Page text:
With the holiday season in full swing, most online retailers are focusing on order fulfillment and shipping, which is no surprise as products fly off distribution center shelves and into gift baskets all over the world. 

Those are critical logistics functions on which to focus, especially considering the results of the 2010 Consumer Shopping Habits Survey by ChannelAdvisor, which found that 58 percent of consumers are very likely to purchase their holiday gifts online, with only 41 percent likely to purchase gifts via brick-and-mortar stores. 

Hopefully those online shoppers have accurately zeroed in on the right gifts for their friends and family this holiday season. But as anyone who’s ever received an ugly holiday sweater can attest, some gifts are destined to be returned before the holiday leftovers even get cold. 

In the midst of the holiday buying frenzy, how much thought has your company given to its return process? Some online retailers may look at the handling and processing of returns as a sore spot because it can involve interactions with unhappy customers and can drive down margins, but as e-commerce continues to increase, a convenient returns policy can actually be a competitive advantage. 

Returns are becoming a natural byproduct of selling via the Internet, given that consumers cannot actually touch or try out products before the purchase. That’s even more true during the holidays, when many consumers are essentially playing a guessing game about what the recipients on their gift-giving lists really want. 

There is value in simplifying the returns process. A Forrester Consulting study commissioned by UPS found that 81 percent of active online buyers are more likely to buy from an online retailer that makes it easier for them to return a product; on the other hand, the study found that 73 percent of respondents are less likely to make a future purchase from an online retailer if the returns process is a hassle. 

Returns have become a reality for many businesses. A convenient returns process can often lead to valuable repeat business. 

Another key attribute of a robust returns strategy is one that streamlines the processes for both online retailers and their customers. To support such a strategy, retailers can benefit from utilizing the returns tools and technologies available from a third-party logistics provider (3PL).

Three components of a returns strategy that can help turn returns into a competitive advantage are convenience, visibility and evaluation.

Convenience – Customers’ lives can be made much easier with a web-based returns process that instantly provides them with a return label via their e-mail or web browser. Once received, customers can print the return label, affix it to their package and drop it off at a drop-off location for delivery. Including a return label within an online package is another option that can simplify the process.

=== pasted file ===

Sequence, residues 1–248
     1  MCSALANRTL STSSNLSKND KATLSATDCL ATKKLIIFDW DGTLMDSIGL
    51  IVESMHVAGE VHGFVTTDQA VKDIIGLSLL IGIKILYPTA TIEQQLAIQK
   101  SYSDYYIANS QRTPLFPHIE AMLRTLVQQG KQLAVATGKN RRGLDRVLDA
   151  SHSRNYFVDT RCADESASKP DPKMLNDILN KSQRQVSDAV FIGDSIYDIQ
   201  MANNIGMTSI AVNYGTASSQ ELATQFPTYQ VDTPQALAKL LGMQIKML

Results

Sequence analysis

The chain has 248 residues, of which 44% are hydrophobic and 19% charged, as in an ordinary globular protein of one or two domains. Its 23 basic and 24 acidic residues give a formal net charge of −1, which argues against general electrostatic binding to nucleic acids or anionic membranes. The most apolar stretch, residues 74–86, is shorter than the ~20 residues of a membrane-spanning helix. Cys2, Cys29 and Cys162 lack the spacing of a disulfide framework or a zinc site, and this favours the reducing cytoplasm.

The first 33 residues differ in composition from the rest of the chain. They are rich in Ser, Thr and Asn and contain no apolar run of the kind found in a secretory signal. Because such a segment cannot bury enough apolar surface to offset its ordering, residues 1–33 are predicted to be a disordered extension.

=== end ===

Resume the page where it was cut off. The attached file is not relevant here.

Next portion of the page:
Speaking of drop-off locations, the more the merrier; in fact, UPS recently launched UPS Returns Flexible Access, which provides customers of participating retailers the ability to initiate returns through more than 150 million access points, including any U.S. Postal Service location or personal mailbox, or one of the 4,800 The UPS Store locations in the U.S., Canada and Puerto Rico.

Visibility – Visibility within the returns process can benefit both sides of the transaction. For customers, a smart returns process should allow them to track their return through an online retailer’s website, and through the website of the carrier transporting the package. Keeping customers informed of their shipment status can go a long way toward keeping them satisfied and coming back to shop again.

Keeping customers informed can also reduce call center inquiries, which enables online retailers to devote resources to other critical areas of their business. What’s more, online retailers can integrate e-mail notifications for incoming returns, allowing them to track the return package, improve associated inventory management and schedule labor accordingly to process the returns once they arrive. 

Evaluation – Finally, online retailers should develop procedures to evaluate the benefits of their returns process, such as satisfaction surveys for customers who have made returns. Taking it a step further, tracking whether customers who have returned goods are staying loyal and coming back for repeat business can provide insight into potential improvements to the returns process.

As the holiday season continues, keep in mind that returns are just around the corner. And if you are looking to improve your returns process, consider working with a partner with a vast portfolio of return services and capabilities that can help integrate returns into your logistics processes for maximum efficiency and effectiveness. 

Ramsey Mansour is the director of retail and consumer goods marketing at UPS. Visit http://www.pressroom.ups.com/Media+Kits/Retail for more information about UPS services for online retailers, and visit http://thenewlogistics.ups.com/#/ for a detailed look at UPS’s logistics offerings.